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ADDL Name Change and New Website!

We are excited to announce a change to our name! We have changed our name to the Autism and Developmental Disabilities Lab, replacing the term "disorders" in our old name with the term "disabilities". This change was made to recognize a shift in the preferences in language and terminology of those in our community.

With our new name, we have launched our new website ( and a new logo (see below). We will aim to have this website re-direct to our new website, but please be sure to bookmark our new website as we transition!

Click here to go to our new website!



Event Recording Now Available - Addressing the impact of the pandemic on families of children with special needs

The online event hosted by Simon Fraser University, titled "Addressing the impact of the pandemic on families of children with special needs", can be accessed by clicking here

Researchers from SFU presented their policy report based on findings from their research study titled “Understanding the impact of COVID-19 on families of autistic children”. The authors would like to gratefully acknowledge the funding and support provided by Kids Brain Health Network, Mitacs, and ACT - Autism Community Training to make this study possible.

Among the presenters are Lab Director Dr. Grace Iarocci and doctoral student Vanessa Fong. The live event was recorded on January 8, 2021. Thank you to everyone who attended and provided feedback. 

ADDL in the News - How is COVID-19 affecting families caring for children diagnosed with Autism Spectrum Disorder (ASD)?

Click here to view the news article!

Over the summer, the ADDL collaborated with ACT-Autism Community Training to explore how COVID-19 was affecting families caring for children diagnosed with Autism Spectrum Disorder (ASD) in British Columbia.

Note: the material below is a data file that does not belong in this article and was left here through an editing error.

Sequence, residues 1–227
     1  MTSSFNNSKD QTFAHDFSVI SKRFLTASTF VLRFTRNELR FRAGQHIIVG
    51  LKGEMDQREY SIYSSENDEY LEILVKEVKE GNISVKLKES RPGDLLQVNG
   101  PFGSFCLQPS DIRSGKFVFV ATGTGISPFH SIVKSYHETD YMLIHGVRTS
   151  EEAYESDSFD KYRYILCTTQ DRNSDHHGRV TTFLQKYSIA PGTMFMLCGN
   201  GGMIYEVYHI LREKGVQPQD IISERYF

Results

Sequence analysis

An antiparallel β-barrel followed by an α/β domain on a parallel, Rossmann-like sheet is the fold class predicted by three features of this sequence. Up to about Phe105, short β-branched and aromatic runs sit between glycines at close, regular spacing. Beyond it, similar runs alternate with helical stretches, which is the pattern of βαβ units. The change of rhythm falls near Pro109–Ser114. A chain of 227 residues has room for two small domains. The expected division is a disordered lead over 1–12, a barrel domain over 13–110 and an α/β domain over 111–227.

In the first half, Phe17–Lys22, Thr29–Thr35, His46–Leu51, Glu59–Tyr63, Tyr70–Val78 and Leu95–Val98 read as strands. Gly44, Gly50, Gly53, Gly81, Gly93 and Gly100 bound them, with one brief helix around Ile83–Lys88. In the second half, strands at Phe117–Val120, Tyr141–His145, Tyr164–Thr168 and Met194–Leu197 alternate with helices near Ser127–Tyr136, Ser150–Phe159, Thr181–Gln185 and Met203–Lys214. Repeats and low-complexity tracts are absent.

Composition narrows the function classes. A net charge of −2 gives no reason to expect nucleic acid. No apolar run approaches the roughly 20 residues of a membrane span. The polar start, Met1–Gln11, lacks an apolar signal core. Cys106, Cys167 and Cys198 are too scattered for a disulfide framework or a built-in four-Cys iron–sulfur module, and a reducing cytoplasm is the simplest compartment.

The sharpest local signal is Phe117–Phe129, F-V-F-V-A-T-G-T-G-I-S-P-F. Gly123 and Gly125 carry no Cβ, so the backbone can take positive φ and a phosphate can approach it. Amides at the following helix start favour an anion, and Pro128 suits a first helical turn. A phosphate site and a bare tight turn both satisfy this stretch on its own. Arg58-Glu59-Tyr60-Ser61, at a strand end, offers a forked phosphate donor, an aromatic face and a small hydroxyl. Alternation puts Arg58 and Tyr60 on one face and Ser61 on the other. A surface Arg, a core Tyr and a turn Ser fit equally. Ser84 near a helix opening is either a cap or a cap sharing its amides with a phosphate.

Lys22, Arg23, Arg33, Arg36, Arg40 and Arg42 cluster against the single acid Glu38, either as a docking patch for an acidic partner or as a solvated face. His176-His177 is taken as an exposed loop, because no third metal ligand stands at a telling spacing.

Visit the news article for more information, including a poster of the results prepared by PhD student Vanessa Fong.
Thank you to the families who participated! This research was funded by the Community Engagement Initiative grant at Simon Fraser University. 

Photo by Thomas Park on Unsplash

Online Study - Social Competency and Autism Spectrum Disorder (ASD)

We are looking for participants to take part in an online study that aims to understand social competence and how it relates to individuals with ASD.

Who are we looking for: Individuals who are older than 16 years old are invited to participate in this study. We are looking for Autistic Individuals, Parents of Autistic Individuals, Teachers, and Professionals that work with Autistic Individuals.

About the study:  If you are interested and agree to participate you would be asked to: fill out a series of questionnaires and watch brief video clips and provide ratings on these video clips. Your participation can be completed online and will take about 2 hours to complete. In appreciation for your time, you will receive $20.

For more information about this study, or to volunteer for this study, please contact:

Dr. Nichole Scheerer
Social Sciences – Psychology

Study - E-Learning Platform for Caregivers of Autistic Children

Posted on behalf of Dr. Katerina Schenke and Ohoud Alharbi at Simon Fraser University.